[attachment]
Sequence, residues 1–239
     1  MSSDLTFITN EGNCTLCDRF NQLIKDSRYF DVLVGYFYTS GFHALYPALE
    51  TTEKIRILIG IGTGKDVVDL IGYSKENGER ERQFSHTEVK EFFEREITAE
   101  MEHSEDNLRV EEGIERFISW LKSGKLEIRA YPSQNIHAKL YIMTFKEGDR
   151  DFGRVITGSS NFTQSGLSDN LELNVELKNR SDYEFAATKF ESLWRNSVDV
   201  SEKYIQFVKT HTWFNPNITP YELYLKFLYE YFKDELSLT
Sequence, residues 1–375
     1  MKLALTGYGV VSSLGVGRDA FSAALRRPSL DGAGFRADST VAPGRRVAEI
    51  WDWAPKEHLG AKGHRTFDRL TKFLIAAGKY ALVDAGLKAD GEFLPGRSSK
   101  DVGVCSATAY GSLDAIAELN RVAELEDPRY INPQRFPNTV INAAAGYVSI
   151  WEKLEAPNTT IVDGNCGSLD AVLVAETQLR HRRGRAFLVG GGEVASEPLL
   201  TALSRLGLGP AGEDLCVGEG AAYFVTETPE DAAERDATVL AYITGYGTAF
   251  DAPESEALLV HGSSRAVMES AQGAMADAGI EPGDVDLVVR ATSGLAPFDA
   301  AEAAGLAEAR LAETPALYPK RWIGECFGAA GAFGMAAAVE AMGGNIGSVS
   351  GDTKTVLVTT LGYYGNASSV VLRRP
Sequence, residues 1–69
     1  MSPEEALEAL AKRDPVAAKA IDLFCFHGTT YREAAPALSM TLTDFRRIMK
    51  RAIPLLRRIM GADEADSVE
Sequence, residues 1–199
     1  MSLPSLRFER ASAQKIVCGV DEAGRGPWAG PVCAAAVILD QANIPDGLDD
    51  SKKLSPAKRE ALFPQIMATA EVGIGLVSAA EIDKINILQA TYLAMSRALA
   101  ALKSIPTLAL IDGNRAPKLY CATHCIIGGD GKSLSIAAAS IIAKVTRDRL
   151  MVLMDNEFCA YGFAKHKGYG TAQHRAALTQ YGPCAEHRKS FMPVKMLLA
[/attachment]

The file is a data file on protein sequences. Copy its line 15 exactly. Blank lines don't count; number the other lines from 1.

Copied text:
   351  GDTKTVLVTT LGYYGNASSV VLRRP